I have also been spending time thinking about the next major project, an effect system for Scala. I have been thinking hard about how to add one while still maintaining reasonable backward compatibility and so that it is not exceedingly verbose. It is a very difficult problem. Furthermore, one of the most widely used effect systems that exists in programming languages, Java's throws clauses, is generally reviled by programmers. One thought I had was that maybe a whiz-bang effect system with effect polymorphism, a rich language of effects, and hooks for adding user defined effects is just overkill. Maybe programmers would be happy with being able to write an annotation like @pure on their methods and closures, and leave it at that. Enforcing purity would not be too difficult I think (ignoring the well known problem of the termination effect), and be much easier for programmers to reason about.

My wrists have also started acting up again, so I am not entirely sure how to deal with that, yet continue pushing my current research projects forward.  It has been suggested to me to look into voice recognition software, but I am not sure how compatible that would be with my current workflow.  Not to mention that I can only imagine how much it would annoy the people in the adjoining offices given that they have already expressed displeasure at all the beeping caused by emacs on my desktop computer.


  1. Chris said,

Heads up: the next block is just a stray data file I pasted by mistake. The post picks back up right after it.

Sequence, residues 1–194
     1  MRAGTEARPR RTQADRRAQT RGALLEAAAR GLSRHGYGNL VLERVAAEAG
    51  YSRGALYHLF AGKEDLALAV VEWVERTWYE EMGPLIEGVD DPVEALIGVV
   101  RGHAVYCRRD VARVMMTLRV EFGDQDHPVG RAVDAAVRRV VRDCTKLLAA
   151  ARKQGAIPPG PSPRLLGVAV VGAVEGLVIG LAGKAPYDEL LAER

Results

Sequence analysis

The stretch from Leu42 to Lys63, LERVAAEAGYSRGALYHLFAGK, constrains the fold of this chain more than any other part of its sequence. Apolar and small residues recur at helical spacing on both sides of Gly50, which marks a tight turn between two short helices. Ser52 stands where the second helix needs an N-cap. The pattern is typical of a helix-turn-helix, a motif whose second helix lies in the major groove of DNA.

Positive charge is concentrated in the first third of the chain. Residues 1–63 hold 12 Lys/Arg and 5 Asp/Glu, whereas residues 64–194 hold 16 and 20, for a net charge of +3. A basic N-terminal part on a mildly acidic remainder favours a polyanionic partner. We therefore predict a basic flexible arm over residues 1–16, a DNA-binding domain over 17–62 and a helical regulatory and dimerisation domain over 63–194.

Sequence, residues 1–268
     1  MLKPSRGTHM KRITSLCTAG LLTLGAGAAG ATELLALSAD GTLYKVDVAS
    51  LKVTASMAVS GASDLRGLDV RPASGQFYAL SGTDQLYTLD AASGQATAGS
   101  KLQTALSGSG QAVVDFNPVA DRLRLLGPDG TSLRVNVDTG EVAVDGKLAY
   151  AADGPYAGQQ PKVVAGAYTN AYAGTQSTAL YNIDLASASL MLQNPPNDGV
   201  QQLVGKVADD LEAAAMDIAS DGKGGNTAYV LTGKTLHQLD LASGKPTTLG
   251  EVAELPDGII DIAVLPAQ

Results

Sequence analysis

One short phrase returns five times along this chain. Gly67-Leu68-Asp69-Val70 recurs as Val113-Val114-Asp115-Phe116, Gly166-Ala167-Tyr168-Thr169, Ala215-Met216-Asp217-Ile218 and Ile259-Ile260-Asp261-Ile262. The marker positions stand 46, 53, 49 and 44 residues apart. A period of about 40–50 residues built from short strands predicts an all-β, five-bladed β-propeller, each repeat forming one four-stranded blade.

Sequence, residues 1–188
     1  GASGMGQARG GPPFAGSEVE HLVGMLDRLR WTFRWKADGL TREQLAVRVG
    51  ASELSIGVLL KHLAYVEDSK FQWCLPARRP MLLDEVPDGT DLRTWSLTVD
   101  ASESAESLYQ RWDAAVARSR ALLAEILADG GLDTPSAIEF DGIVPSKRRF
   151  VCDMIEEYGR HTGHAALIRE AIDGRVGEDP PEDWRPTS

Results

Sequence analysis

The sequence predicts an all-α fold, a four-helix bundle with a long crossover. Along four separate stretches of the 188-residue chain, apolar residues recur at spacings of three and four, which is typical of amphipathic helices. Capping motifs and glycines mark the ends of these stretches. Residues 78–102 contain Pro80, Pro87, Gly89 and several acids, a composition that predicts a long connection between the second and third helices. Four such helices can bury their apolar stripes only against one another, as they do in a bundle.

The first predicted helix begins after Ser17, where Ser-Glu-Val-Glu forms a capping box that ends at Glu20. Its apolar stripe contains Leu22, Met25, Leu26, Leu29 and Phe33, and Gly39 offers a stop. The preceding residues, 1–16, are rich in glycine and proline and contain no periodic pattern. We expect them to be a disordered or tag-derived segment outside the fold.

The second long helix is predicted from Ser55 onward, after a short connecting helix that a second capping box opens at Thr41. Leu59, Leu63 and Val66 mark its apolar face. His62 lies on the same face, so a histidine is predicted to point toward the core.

January 14, 2008 @ 11:02 pm

    Regarding RSI, I don’t know anything about your experiences and trials so far, but the Kinesis contoured keyboards (Dvorak mode) have helped me tremendously. I have one at home, one at work, and one older one in the closet for emergencies. Not cheap, but comfortable.

    One day I also undertook a radical remapping of Emacs key bindings.. not sure I ever wrote about that publicly, but I could make my efforts available if anyone wants. The rationale was that on Kinesis (and laptop keyboards), the arrow keys, home/end, and page up/down are not a huge reach from home position (as they are on standard 102-key PC). Therefore, it’s not necessary to continue using C-p, C-n, C-f, C-b, C-a, C-e, C-v, M-v, etc., etc. Therefore, they can be remapped to other things, leading to less severe chording. Example: exchange-point-and-mark is now just C-p, switch-buffer is just C-b, and whole maps of related commands sit on mnemonic keys like M-v for version control stuff, M-b for buffer commands, M-4 for window commands, M-5 for frame commands, etc.